Slaying Genre: Do You Believe In Magic?

I’ve been rereading two of my very favorite books: Coraline by Neil Gaiman and We Have Always Lived In The Castle by Shirley Jackson. Why? I could bore you with woeful tales of needing a book to obsess me and not finding it lately (suggestions welcomed!) but really, it all comes down to magic. Both of these novels, though extremely different, are swimming in magic—so much so that I can read them dozens of times and still remain captivated by the energies swirling around and in them.

For those who haven’t read them (off to the nearest indie bookshop with you!): Coraline is the short chapter book* about a girl who finds a mirror world by walking through a door that seems to go nowhere in the flat she shares with her parents. The mirror world is full of the dark and strange: button-eyed copies of her parents and neighbors (yes, with actual big black buttons for eyes), red-eyed chanting mice, ghost children, and a fabulously snarky talking cat who serves as a sort of aloof guide.

Shirley Jackson’s masterpiece, We Have Always Lived In The Castle, tells the story (from the point of view of an extremely unreliable narrator) of the Blackwood family. Merricat, Constance, and Uncle Julian are survivors of the arsenic poisoning that killed the rest of their family six years ago. Constance was accused and then acquitted of the crime, but all three of the remaining members of the Blackwood family are forced to live in isolation and are (at times violently) scorned by the village in which they live.

Both novels, though extremely different in so many ways, share a sense of quotidian magic. We Have Always Lived In The Castle is full of imagined trips to the moon, repetitive, almost incantatory movements and actions, buried treasure, and magic words. Books, milk saucers, dolls, jewels, are imbued with a sense of power, a power that protects the Blackwoods (or so the narrator believes) against the encroaching outside world. Coraline takes the familiar and defamiliarizes it, creating uncanny doppelgangers of the people and places that should be, ultimately comforting and protective.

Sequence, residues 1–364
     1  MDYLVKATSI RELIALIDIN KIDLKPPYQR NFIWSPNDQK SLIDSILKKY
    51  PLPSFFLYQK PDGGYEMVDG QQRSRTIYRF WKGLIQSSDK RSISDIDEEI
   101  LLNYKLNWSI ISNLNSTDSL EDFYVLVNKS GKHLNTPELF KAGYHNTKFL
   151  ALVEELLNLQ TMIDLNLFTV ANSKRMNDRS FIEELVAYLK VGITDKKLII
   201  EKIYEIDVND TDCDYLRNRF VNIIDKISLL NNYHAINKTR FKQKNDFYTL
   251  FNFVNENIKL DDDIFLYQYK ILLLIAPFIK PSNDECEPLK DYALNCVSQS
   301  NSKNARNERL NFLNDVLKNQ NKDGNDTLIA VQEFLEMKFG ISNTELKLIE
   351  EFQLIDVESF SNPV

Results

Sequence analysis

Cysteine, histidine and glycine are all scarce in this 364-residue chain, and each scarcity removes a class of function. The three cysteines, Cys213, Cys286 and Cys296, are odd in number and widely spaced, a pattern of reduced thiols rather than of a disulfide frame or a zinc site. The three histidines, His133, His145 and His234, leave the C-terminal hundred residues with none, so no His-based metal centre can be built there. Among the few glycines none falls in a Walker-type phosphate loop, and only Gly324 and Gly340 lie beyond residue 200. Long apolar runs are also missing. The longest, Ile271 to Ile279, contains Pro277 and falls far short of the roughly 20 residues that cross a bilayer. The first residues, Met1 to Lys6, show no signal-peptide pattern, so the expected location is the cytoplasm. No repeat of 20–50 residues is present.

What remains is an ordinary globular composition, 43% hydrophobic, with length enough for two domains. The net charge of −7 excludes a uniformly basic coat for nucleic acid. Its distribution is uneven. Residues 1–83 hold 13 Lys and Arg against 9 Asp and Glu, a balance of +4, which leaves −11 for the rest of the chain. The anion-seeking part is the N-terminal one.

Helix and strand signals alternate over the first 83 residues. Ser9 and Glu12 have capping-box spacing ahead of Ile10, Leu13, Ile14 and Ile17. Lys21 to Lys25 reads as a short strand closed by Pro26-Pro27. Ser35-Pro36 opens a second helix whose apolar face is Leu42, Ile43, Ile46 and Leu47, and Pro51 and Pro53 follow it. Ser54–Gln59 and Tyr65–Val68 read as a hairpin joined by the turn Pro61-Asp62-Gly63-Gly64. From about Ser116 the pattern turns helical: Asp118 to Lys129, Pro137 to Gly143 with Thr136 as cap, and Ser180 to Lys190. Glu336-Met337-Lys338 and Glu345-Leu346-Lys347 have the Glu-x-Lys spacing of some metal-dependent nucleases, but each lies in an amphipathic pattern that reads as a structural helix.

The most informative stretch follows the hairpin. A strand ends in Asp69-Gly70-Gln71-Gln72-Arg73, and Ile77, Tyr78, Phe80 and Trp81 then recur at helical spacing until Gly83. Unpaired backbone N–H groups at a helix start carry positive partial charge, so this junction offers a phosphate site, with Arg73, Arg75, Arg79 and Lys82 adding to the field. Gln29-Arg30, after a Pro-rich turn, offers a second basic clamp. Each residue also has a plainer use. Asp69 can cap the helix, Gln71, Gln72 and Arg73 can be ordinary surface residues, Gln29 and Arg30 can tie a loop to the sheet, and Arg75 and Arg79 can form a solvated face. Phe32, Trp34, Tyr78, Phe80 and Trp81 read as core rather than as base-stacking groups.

These magics, while captivating, are not what keeps me coming back to these novels, why they are always tucked up close to my bed. It’s the ways in which these very disparate narrators, narrators who are outcasts through loneliness, isolation or their own madness, create and manipulate power (whether that power is real or imagined) over their lives and struggles. These young women are able to weave spells that change their worlds, if even in their own minds.

What is incredible about these novels are the ways in which Jackson and Gaiman show how women and girls who are disempowered can reclaim themselves, that power over the self is powerful magic indeed.


*Coraline is meant for children of all ages—though if you’re reading to or with actual children, know that it’s a creepy read--I revel in these things, and have since the womb, but younger children may be freaked out.

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About the Author

KL Pereira's chapbook, Impossible Wolves was published by Deathless Press is 2013. Her fiction, poetry, and nonfiction are forthcoming or appear in The Drum Literary Magazine, Shimmer Zine, Lightning Cake, The Golden Key, Innsmouth Free Press, Innsmouth Magazine, Mythic Delirium, Jabberwocky, The Medulla Review, Bitch Magazine and other publications. Pereira’s work on fairy tales, sexuality, Wonder Woman, and Buffy the Vampire Slayer are featured on Studio 360 and other radio programs, cited in numerous publications, and assigned in courses all over the United States and Canada. Find Pereira online on and @kl_pereira

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